Buick Dragster along with Rocky Phillips (of Eaglefield fame) and his freshly restored Twin SBC Dragster smoking through half-track like the good old days.
Some real hot rod heroes made a number of runs such as the Sievers, Weisner & Owens AA/Gasser along with Paul Henderson and the Steinegger and Eshenbaugh K-88 car. A really hot match race took place with the excitingly beautiful Anaconda Top Fuel Dragster going up against the Old Timers T/F car. The noise and thrill of seeing these two go at it was memorable cool. And they did it a number of times throughout the day; push starting around the pits and return road, keeping those in attendance favorably entertained.
There were a number of cackle cars making fun in the pits. The historic Bud King Arrow Funny Car and the Sean Dale Shakey Situation F/C got some noise going with crowds hanging around these two most of the day. Jake Burris took to the track in his debut with the restored Incognito Altered owned by local Don Toia (Don’s Hot Rod Shop). That was a kickin’ good old drag race. At the end of the day, the Tucson Timing Association celebrated a number of inductions into the Southern Arizona Drag Racing Hall of Fame. A permanent stone kiosk display names racers who made hot rod history these past few years. Following the ceremony, an exciting day came to an end with over a dozen nitro and alcohol cars lined up at the starting line cackling away for the now famous “Nitro Blast” reassuring us that this won’t be the last reunion. Look for more excitement in 2013 as they do it again. A BIG Thanks to Paula Roth, Walter Nash, Dan Owens, Paul Smith, Tom Koenen, Jon Bradford, & the SIR staff. Contact: TucsonReunion@msn.com or Merle’s Southwest International Raceway, 12000 S. Tucson Road, Tucson, AZ.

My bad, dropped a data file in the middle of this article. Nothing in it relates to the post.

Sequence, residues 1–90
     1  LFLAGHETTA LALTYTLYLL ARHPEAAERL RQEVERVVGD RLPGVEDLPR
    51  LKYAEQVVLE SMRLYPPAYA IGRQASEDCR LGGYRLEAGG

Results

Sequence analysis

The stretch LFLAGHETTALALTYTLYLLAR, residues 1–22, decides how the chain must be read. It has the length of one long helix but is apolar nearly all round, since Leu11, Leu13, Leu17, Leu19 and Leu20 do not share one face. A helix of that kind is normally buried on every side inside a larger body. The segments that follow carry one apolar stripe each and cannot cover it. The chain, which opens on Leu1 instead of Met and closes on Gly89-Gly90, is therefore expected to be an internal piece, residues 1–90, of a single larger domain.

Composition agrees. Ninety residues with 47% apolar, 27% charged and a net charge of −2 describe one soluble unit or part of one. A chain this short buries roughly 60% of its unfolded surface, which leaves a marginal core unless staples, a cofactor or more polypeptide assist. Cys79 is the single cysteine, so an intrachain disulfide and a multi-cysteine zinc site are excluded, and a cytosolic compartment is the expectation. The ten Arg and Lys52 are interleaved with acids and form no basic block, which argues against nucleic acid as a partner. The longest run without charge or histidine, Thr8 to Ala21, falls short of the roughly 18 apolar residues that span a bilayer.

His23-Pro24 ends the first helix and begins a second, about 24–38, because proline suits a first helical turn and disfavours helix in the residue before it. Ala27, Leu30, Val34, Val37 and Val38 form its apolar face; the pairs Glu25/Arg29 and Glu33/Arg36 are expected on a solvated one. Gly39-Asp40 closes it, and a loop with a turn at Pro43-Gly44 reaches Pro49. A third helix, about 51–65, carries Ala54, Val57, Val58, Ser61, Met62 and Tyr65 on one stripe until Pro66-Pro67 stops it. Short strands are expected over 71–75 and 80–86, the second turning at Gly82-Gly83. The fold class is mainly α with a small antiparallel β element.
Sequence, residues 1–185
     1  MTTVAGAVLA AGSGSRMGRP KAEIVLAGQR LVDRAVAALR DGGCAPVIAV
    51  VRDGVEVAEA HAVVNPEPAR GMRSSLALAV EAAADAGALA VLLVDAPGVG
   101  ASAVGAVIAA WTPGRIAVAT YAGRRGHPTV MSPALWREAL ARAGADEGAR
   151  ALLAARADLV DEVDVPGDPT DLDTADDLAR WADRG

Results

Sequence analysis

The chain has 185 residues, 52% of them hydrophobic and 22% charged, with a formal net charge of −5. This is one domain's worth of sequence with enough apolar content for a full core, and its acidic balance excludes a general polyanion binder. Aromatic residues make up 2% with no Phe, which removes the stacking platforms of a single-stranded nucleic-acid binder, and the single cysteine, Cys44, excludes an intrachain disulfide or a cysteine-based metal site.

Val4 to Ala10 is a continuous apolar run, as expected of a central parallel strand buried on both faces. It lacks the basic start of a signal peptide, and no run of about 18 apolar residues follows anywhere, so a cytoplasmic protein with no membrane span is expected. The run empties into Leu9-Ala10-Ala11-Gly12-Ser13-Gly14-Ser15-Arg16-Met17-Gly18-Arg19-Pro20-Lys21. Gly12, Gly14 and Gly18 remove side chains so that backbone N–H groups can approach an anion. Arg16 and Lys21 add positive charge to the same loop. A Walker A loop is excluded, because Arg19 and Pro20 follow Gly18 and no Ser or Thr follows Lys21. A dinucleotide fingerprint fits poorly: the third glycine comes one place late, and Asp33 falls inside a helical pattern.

Tucson Dragway Reunion captions
JS=John Saltsman photos
SL= Sean Lukowski photos
JS0158—Arfon’s Green Monster Allison with dual slicks